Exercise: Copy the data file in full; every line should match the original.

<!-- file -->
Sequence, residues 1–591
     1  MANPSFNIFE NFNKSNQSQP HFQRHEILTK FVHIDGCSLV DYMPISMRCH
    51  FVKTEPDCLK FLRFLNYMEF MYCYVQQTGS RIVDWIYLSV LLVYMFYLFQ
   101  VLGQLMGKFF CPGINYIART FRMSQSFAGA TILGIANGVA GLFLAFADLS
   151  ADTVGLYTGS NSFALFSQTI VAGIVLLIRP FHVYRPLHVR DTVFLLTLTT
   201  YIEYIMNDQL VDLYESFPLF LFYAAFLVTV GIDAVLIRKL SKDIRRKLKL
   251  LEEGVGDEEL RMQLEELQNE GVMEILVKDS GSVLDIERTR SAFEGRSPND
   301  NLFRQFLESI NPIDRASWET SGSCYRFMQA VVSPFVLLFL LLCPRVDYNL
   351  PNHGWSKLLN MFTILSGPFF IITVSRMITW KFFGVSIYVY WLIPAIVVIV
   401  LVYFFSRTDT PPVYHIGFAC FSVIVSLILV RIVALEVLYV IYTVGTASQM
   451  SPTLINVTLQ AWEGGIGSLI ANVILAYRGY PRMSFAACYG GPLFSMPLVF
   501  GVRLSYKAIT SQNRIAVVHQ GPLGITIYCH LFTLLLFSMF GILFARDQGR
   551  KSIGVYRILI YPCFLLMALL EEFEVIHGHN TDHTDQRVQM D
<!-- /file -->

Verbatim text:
Sequence, residues 1–591
     1  MANPSFNIFE NFNKSNQSQP HFQRHEILTK FVHIDGCSLV DYMPISMRCH
    51  FVKTEPDCLK FLRFLNYMEF MYCYVQQTGS RIVDWIYLSV LLVYMFYLFQ
   101  VLGQLMGKFF CPGINYIART FRMSQSFAGA TILGIANGVA GLFLAFADLS
   151  ADTVGLYTGS NSFALFSQTI VAGIVLLIRP FHVYRPLHVR DTVFLLTLTT
   201  YIEYIMNDQL VDLYESFPLF LFYAAFLVTV GIDAVLIRKL SKDIRRKLKL
   251  LEEGVGDEEL RMQLEELQNE GVMEILVKDS GSVLDIERTR SAFEGRSPND
   301  NLFRQFLESI NPIDRASWET SGSCYRFMQA VVSPFVLLFL LLCPRVDYNL
   351  PNHGWSKLLN MFTILSGPFF IITVSRMITW KFFGVSIYVY WLIPAIVVIV
   401  LVYFFSRTDT PPVYHIGFAC FSVIVSLILV RIVALEVLYV IYTVGTASQM
   451  SPTLINVTLQ AWEGGIGSLI ANVILAYRGY PRMSFAACYG GPLFSMPLVF
   501  GVRLSYKAIT SQNRIAVVHQ GPLGITIYCH LFTLLLFSMF GILFARDQGR
   551  KSIGVYRILI YPCFLLMALL EEFEVIHGHN TDHTDQRVQM D